Wooden Train that Could: Thomas the Train Aims for U.S. Expansion

By Bill Esler | Posted: 07/20/2014 12:37PM

 

Wooden toys - Lincoln Logs, Tootsie Toys, building blocks and puzzles -  may be an overlooked wood manufacturing niche, but opportunities in this segment will grow as owner Mattel expands U.S. sales of its global phenomenon, Thomas the Train.

Thomas the Train is pretty much all wood: the 3-inch engines and cars, the interlocking tracks, and the "high end eccessories" like round houses and turn tables, with some plastic doors and other elements added on. Its platform and specifications match those of an older brand, Brio, founded in 1958. The current version is amrekted under the Fischer-Price brand and has its own microsite. 

Thomas the Train originated in a British TV show, and the spin-off toys for Thomas & Friends ranked number one in the preschool toys category in the U.S. and made the top 10 for the entire U.S. toy industry in 2010, according to Wikipedia. It's popularity has spawned wooden licensed trains from Lionel and even Major League baseball and NFL football-themed trains.

In January 2011, Thomas & Friends ranked as the number-one preschool toy property in the U.K. for the 11th year in a row. Thomas is also a top-seller in Australia, Germany, Japan and Korea, according to an extensive Wikipedia entry.

In the age of the iPad as babysitter, the mystique of the wooden toy seems to know no bounds. While the total traditional toy industry in the United States increased 1.9%,Thomas & Friends toy sales increased over 47% according to Licensing Today magazine.

Thomas train parts had been made in China until 2007, when - familiar story - lead was discovered in the painted surfaces. Production then moved to Thailand.

The simplicity of the product and its broad appeal has caused others to manufacturer variants on the Thomas sets, skirting patents and trademarks. Choo Choo Track & Toy of Pacific, MO, which produces parts and accessories from American Beech, some priced over $100. An online dealer of many wooden toy train brands is Trainsgalore.com.

Could a domestic manufacturer arise to take up this production opportunity?

When Lincoln Logs was acquired last year, its new owner said it would like to reshore production of its tiny logs to the U.S., if it could find a domestic supplier.

Could that be you?

 

About the Author

Bill Esler woodworkingnetwork.com

Bill Esler

Bill Esler, Associate Publisher/ Editor in Chief, Woodworking Network Bill is responsible for editing Custom Woodworking Business and coordinating content for Wood Products , CLOSETS , WoodworkingNetwork.com, and related newsletters. Bill’s expertise includes using innovative print manufacturing techniques to grow audience engagement, digital printing, purls, QR codes; and lead-generating webcasts, custom websites, and custom digital and print content. Read Bill Esler's woodworking blogs. He can be reached at besler@woodworkingnetwork.com or follow him on Google+.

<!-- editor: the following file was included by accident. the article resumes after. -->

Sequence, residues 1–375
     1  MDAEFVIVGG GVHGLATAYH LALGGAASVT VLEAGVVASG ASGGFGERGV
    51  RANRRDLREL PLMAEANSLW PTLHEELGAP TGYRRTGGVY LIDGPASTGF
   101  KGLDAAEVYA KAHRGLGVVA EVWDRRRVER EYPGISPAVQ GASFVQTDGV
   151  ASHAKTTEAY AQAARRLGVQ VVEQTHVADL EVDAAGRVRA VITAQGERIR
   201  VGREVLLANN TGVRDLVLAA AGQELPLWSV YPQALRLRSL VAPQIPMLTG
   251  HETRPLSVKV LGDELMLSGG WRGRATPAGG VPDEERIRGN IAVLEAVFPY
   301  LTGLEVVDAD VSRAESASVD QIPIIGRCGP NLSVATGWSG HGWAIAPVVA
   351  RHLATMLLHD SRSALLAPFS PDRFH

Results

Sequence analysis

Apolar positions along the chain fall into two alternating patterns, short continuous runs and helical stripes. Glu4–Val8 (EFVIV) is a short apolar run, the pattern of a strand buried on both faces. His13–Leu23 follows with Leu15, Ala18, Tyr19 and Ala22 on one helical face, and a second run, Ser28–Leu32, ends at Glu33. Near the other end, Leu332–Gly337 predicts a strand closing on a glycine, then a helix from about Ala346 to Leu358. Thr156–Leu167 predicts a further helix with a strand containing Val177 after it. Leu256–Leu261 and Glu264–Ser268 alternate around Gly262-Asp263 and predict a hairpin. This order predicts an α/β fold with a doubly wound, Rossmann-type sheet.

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Michael Rainville    
Middlebury, VT  |  July, 24, 2014 at 06:56 AM

My company, Maple Landmark, has been making compatible wooden trains for over twenty years, since before Thomas was big (they - and us - piggy-backed on a rail standard set decades ago). We've always been American made. With our full line of toys and games we believe we are the largest wooden toy manufacturer in the US. Still it is tough to compete with imported prices. The current Thomas story you report isn't much of a story, mostly just a marketing reset. Thomas used to be very big in the US toy market, selling primarily in specialty toy stores. Due to things like the 2007 recall and the company being acquired and acquired again, the brand was damaged and sales likely decreased. In recent years we have heard a lot less about Thomas and more about other compatible brands. Under larger owners, now Mattel, they were sold everywhere and the "specialness" was lost. Maybe the TV show behind it lost its audience too. Mattel is making a push to get it all back. The newer Lincoln Log offer is like lots of older brand owners, they talk big about American production but want Chinese prices because they still want to sell to big box stores. There are interesting stories of American wooden toys, since companies like us do not sell to Walmart and Toys R Us, we are less visible. Mattel and Thomas are footnotes in the recent history.

 

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